Couples in El Paso who are engaged in divorce negotiations likely have assets that they can easily divide. Other assets, such as the house that they co-own, are not as easy to divide. Of course, the option exists to sell the home and divide the profits, but one of the two spouses may have an emotional attachment to the home. Alternately, there may be a child involved, so for the sake of continuity in the child's life, parents may decide it's best to let one of the parents stay in the home.
Just because one of the spouses ends up with the home does not necessarily mean that they are in the best financial position. For example, the house may have a mortgage payment and utility payments that were easily manageable when there were two salaries. After the divorce, there may now only be one salary, making a once affordable house an expensive burden.
Some parents have gotten around this by opting for a living situation known as nesting. In this living situation, each parent has their own separate house or apartment. For one week, one parent lives in the family home with the children. For the next week, the other parent takes their turn in the family home with the children.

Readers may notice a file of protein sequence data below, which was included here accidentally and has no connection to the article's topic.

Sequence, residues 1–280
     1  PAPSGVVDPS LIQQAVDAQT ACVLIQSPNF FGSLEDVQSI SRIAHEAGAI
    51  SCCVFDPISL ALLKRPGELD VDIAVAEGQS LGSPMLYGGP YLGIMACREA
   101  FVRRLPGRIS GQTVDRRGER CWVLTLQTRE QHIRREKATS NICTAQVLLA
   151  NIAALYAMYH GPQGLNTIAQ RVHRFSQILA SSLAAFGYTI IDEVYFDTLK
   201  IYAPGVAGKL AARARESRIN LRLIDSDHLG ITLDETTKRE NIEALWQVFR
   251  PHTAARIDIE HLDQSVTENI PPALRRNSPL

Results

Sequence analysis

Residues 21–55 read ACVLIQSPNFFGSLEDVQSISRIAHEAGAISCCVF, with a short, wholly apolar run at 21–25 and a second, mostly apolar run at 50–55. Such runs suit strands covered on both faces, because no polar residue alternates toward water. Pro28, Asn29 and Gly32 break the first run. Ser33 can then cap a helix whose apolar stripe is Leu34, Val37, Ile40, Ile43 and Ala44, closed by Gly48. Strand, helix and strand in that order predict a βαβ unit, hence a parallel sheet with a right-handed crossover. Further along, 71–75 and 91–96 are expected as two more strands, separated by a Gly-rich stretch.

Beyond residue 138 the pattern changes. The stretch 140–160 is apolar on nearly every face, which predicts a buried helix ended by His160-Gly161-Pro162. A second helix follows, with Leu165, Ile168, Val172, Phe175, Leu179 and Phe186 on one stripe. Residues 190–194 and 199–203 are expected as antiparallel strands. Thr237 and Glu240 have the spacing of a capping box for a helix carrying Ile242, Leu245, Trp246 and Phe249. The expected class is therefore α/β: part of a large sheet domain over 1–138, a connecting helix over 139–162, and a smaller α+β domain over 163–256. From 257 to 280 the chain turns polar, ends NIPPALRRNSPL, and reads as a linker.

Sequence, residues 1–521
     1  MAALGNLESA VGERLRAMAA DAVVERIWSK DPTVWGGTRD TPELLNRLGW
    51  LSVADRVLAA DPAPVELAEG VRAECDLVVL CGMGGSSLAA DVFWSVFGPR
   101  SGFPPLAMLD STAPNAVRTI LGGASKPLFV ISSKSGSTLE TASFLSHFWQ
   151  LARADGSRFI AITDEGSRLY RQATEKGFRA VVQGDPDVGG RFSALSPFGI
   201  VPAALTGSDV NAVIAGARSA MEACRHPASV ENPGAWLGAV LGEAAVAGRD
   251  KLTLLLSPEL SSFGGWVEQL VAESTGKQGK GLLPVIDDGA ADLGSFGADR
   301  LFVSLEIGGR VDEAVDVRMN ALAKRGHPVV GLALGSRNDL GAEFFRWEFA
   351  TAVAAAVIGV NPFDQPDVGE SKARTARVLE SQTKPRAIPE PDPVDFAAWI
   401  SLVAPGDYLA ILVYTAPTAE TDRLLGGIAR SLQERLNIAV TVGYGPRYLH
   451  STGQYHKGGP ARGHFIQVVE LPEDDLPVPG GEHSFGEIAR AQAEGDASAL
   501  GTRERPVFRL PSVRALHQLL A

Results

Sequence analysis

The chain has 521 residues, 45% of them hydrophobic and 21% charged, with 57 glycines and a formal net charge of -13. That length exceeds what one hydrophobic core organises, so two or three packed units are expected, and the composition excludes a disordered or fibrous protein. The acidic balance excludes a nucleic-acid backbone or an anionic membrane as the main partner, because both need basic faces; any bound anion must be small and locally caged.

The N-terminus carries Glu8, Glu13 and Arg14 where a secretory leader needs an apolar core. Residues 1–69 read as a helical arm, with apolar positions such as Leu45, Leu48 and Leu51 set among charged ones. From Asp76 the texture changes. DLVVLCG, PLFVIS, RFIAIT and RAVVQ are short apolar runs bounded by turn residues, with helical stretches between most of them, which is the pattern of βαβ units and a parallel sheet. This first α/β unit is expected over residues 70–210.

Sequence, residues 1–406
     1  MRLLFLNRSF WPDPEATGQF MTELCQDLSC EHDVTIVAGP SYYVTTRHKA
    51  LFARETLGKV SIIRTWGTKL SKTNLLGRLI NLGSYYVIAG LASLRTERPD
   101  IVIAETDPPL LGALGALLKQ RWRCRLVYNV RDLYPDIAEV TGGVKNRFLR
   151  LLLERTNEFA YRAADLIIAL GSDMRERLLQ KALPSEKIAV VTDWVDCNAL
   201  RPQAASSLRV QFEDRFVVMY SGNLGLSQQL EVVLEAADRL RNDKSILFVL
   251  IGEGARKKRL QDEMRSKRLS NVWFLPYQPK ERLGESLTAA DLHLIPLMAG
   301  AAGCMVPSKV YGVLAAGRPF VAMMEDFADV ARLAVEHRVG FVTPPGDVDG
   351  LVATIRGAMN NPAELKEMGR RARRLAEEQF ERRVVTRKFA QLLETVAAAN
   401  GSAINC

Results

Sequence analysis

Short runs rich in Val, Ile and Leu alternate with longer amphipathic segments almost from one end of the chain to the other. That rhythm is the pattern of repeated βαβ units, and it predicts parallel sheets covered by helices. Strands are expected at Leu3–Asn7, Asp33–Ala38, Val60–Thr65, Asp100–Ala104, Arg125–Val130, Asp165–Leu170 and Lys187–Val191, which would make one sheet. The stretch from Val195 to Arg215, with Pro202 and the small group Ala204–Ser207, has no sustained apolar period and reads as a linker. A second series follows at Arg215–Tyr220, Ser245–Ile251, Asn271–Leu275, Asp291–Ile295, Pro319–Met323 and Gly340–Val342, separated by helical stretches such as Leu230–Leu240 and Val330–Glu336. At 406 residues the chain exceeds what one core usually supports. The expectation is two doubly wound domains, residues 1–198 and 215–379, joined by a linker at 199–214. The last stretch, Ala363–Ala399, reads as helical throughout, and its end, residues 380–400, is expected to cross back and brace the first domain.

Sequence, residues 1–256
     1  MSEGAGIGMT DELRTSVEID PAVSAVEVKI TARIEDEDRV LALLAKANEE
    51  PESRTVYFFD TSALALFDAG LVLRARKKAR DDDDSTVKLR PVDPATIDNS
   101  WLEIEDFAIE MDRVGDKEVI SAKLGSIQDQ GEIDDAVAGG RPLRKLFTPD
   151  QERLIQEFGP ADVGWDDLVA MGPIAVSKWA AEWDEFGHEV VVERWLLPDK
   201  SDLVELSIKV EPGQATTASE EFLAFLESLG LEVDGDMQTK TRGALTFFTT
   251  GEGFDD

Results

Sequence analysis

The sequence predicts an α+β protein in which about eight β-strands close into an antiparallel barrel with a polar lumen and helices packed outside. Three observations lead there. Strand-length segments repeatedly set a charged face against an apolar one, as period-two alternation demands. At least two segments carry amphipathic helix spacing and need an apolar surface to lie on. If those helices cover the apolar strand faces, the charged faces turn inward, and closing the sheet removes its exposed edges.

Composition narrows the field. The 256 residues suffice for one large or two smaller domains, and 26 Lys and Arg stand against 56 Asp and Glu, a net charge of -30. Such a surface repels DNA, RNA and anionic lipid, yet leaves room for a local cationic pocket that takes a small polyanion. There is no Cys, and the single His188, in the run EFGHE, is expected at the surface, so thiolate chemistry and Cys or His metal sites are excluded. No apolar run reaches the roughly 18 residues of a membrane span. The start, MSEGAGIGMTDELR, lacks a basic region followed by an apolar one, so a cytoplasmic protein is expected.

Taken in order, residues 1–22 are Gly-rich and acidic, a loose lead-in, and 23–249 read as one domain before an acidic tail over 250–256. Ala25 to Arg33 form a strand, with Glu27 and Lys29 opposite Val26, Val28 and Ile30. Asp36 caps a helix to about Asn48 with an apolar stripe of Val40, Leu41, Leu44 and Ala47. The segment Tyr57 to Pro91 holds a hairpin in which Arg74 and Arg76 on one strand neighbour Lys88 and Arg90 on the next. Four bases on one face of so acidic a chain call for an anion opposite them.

There are a number of challenges that could arise with this living arrangement. The amicable relationship needed between the parents for the situation to continue may not last. It may be challenging for one or both parents to maintain the family home while maintaining a separate living place.
When determining what to do with the family home and other assets during the divorce, an individual may wish to consult a family law attorney. This attorney may provide their clients advice on things like property division and asset valuation. If necessary, they may be able to assist in child custody cases and provide practical advice on related issues that could arise.